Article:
The two sides complement each other seamlessly and have turned Budapest into an exciting destination. Perhaps the most interesting aspect of Budapest is that while it resembles Vienna -- like Vienna, Budapest is a product of the Austro-Hungarian Empire, and its ornate architecture stretches well beyond the city centre -- it does so without the Austrian capital's hautiness or high prices. The eventual introduction of the euro could bring an end to that.
Just south of Estonia, Latvia hardly enjoys its northern neighbour's popularity. Whereas Estonia is Scandi, Latvia is Slavic.
Larger than Belgium and the Netherlands combined, Latvia offers a characteristic Baltic mix of pristine forests, well-stocked lakes and long stretches of empty Baltic coastline.
About a third of Latvia's population lives in Riga, the capital, which, admittedly, is more adorable than it is thriving. Like its Baltic neighbours, Riga took shape under the Hanseatic League in the 13th century and its medieval roots still shine today. Despite having the misfortune to be in the path of the 20th century's most pervasive warmongers -- i.e. Stalin and Hitler -- Riga's worst scars derive from bad Soviet urban planning. Fortunately, the Soviets left most of the old town alone, ensuring visitors a few days worth of meandering the narrow cobblestone streets between the art nouveau buildings.
Even though Lithuania is the largest Baltic State, it is also the most remote. Situated between two of Eastern Europe's least appealing destinations -- Belarus and Kaliningrad -- Lithuania has the same forestry and flatland appeal as Latvia and Estonia, but its natural trump card is the Curonian spit, a 50 kilometre-long peninsula that serves as a resting spot for about 15 million birds during the migration season. It is a remarkable experience that immediately qualifies as one of Europe's uncharted gems.
Like the other two Baltic States, Lithuania's lifeline is its capital city, Vilnius, a UNESCO World Heritage Site. It goes without saying that countries such as Lithuania will benefit greatly from EU membership, if only from a marketing perspective. Few travellers know that Lithuania exists much less where it is. The coverage in the next few months will do this country, and its Baltic neighbours, wonders.
Situated between Europe and Africa, Malta, like other Mediterranean islands, has been governed by just about every major civilization in European history, most recently the British. This explains the English fluency of the Maltese and the enormous number of English tourists that populate the island's shores each summer. As a result, these days Malta looks like Monte Carlo, with enormous all-inclusive hotels that overshadow the island's historic architecture.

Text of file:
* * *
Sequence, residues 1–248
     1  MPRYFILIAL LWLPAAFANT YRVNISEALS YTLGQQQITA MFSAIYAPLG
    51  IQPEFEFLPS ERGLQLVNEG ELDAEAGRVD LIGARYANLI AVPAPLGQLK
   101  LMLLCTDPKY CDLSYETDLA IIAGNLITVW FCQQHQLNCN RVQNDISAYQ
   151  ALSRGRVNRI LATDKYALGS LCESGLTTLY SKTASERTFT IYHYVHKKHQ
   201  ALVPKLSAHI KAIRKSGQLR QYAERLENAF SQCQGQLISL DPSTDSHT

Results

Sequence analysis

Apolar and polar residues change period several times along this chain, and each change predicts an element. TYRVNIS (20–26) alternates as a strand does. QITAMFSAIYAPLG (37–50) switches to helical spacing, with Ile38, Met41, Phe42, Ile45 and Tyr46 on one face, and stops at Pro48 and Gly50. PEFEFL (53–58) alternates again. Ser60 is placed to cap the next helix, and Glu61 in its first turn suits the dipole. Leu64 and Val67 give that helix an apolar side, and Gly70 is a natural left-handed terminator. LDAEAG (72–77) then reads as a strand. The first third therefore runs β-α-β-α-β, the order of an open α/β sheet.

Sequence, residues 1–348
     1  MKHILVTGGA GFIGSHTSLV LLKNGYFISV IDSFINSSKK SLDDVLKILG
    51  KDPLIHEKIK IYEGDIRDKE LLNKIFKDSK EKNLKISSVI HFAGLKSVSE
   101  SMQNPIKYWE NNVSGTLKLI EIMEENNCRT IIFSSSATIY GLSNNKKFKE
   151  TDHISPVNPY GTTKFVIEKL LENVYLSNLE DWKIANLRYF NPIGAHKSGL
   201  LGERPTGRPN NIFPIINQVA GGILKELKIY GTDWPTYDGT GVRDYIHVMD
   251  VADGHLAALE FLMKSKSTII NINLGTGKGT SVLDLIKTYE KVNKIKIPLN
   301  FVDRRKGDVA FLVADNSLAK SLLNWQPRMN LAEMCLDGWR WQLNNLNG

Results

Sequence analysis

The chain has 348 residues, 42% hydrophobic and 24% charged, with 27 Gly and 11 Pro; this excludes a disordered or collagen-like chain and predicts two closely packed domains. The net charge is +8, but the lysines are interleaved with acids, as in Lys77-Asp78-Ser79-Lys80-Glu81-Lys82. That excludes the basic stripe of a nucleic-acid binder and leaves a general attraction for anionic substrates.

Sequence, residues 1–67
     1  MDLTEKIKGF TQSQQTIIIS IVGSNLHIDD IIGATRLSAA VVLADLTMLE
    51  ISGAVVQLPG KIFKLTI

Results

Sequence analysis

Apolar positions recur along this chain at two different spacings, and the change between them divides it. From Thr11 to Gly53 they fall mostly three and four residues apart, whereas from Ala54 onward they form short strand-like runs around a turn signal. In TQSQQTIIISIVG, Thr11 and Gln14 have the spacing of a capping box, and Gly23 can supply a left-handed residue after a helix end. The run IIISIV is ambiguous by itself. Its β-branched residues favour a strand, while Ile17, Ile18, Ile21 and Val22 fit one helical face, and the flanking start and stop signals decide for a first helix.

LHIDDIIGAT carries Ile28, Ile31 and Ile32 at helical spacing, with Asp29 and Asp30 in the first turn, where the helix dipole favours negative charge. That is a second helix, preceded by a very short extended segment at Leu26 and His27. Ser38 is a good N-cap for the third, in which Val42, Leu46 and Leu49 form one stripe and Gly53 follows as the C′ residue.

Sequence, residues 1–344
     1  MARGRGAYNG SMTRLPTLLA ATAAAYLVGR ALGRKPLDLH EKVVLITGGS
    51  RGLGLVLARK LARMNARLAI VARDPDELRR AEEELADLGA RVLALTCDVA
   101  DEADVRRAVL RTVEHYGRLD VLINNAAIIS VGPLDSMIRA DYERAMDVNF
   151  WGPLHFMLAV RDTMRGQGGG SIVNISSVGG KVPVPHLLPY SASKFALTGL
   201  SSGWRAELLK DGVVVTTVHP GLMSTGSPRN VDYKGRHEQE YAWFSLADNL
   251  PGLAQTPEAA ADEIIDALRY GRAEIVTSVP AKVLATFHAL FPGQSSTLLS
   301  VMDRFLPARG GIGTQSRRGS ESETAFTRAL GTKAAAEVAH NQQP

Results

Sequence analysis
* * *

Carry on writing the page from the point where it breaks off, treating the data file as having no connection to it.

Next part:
But Malta is thriving. With virtually no natural resources of its own, it has marketed itself well as an open-air museum of sand and sun. Unfortunately, it doesn't have a lot more than that.
In the past few years, Malta has diversified into the film business -- large parts of Gladiator and Troy were filmed here -- which has attracted an entirely new wave of cinema tourism.
It is rarely a good sign when a country's most famous tourist attraction is named Auschwitz or that its capital city, Warsaw, suffered horrendous wounds during the Second World War. Nonetheless, Warsaw's 1.6 million inhabitants make it Poland's most dynamic hub, and the city has gone through great pains to beautify itself in recent years, with much success.
But for culture, and the medieval architecture that goes with it, you must head to Krakow. Not only is it one of Poland's most beautiful town, but also its most entertaining. It has a vibrant student community to go with it.
Poland's distance from Western Europe has deterred the continent's many campers from making the venture so far east; most prefer to pitch their tents in the much closer Czech Republic. As a result, Poland's Baltic beaches, the Mazurian Lake District, its enormous forests and the Carpathians and the Sudeten Mountains remain uncrowded throughout the summer.
What holds true for the Czech Republic's still relatively untapped nature is even truer for Slovakia. When the Czech Republic and Slovakia -- formerly Czechoslovakia -- went their separate ways in 1993, Slovakia inherited most of the Soviet-era factories but also the peaks of the High Tatras with their Alps allure.
Serious wilderness scouts have taken advantage of Slovakia's low profile, and bankers have capitalized on Bratislava's low taxes and cheap prices to gradually turn the capital city into a dynamic little hub. Cheap alcohol and cigarettes have also made Bratislava a perennial favourite among Austrian youth.
Bratislava is not nearly as beautiful as Prague, but it is well on its way to becoming the Luxembourg of Central Europe.
Slovenia is a small country with an extremely sportive population. This is because Slovenia, the only new EU country from the former Yugoslavia, has just enough of the Adriatic Sea and the Alps to function as an outdoor nation.
Bordering Italy, Slovenia is the perfect launching pad into the Balkans. Its picturesque capital, Ljubljana, has the Middle Ages integrity of a city that belonged to both the Romans and the Austro-Hungarians.
Slovenia is a wealthy country and it shows. Its mainly historic buildings have been renovated and its hospitality sector has moved up market, so much so that it has become the type of town where world leaders like to mix.
Together with the increasingly popular Croatia, which won't be joining the EU in May, Slovenia will continue to be the Balkans tourist engine for the coming decades.
EU15 MEMBER STATES:
EU25 MEMBER STATES AS OF MAY 1, 2004:
THE NEW EUROPE, NEXT SATURDAY: IS TALLINN THE NEXT PRAGUE?
EU visas: Travellers no longer need tourist visas to travel to any country in the expanded European Union. As of May 1, the Czech Republic and Poland dropped visa requirements for Canadian travellers visiting the countries for up to three months. Incorrect information, based on the position of both countries at our deadline, was published in the Travel section on May 1.Report Typo/Error